Tite's side peppered Dominik Livakovic's goal, recording 11 shots on target over 120 minutes. Croatia had just one: Bruno Petkovic's 117th-minute equalizer, a scuffed effort from the big striker that took a wicked deflection and spun into the net beyond Alisson's outstretched arm.
Luck is often viewed in sporting parlance as a dirty word; it's as if being lucky decreases the value of winning. But every team to ever win a title, at international or club level, needs luck at some point along the way. Brazil didn't have it Friday.
The Selecao became the first team to lose a World Cup knockout match after taking a 1-0 lead in extra time. And it was in a game they had no business losing. And in what could have been a crowning moment of Neymar's career. This one will be difficult to digest in Brazil for years to come.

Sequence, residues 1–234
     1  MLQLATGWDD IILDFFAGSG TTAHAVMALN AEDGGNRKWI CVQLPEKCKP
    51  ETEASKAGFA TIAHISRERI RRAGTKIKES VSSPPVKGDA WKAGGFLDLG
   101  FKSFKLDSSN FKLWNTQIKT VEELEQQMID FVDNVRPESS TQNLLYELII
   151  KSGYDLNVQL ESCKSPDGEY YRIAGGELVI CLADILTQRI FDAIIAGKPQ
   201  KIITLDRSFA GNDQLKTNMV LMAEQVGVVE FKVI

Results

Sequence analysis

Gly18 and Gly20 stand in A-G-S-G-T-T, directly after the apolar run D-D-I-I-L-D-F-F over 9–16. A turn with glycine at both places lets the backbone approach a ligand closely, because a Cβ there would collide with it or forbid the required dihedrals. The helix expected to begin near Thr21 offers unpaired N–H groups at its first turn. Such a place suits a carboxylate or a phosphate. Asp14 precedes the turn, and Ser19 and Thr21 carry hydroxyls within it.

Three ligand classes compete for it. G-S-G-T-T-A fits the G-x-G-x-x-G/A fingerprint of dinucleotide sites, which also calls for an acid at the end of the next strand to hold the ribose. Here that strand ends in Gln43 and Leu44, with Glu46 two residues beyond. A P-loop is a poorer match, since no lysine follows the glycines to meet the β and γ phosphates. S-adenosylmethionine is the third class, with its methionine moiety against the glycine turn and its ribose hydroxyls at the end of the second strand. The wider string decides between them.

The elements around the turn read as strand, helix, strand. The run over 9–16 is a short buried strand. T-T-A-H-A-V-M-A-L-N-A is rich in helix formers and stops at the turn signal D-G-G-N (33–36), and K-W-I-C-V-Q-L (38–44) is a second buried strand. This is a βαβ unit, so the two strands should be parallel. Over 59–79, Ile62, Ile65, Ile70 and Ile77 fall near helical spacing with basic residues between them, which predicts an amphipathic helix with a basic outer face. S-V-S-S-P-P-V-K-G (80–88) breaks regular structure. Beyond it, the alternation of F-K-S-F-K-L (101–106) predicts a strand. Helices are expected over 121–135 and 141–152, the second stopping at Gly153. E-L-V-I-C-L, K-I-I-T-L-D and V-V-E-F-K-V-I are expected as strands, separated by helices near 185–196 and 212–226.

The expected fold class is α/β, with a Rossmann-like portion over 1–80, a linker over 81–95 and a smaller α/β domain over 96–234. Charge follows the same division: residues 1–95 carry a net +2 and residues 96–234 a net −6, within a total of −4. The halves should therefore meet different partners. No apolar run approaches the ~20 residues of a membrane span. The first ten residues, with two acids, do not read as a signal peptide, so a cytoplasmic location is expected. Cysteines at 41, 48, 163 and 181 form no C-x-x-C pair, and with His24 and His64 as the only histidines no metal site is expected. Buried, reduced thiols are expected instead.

Will Modric ever age?
Vedran Corluka and Mario Mandzukic were among those celebrating with Luka Modric when Croatia emerged victorious from the penalty shootout. Both retired from playing in 2021 after at least two years of their stiffening limbs offering diminishing on-pitch returns. Both have since appeared on Dalic's coaching staff. And incredibly, both are several months younger than Modric.
The midfielder's effervescence is well known. At 37, Modric is still as slippery and technically gifted as he was over a decade ago. He's since drawn confidence and composure from a career awash with individual honors and club trophies. But his occasional omnipresence defies science. Despite his advanced years, he was everywhere against Brazil. He filled space between the lines, drew five fouls, and even chipped in with three tackles and two blocked shots.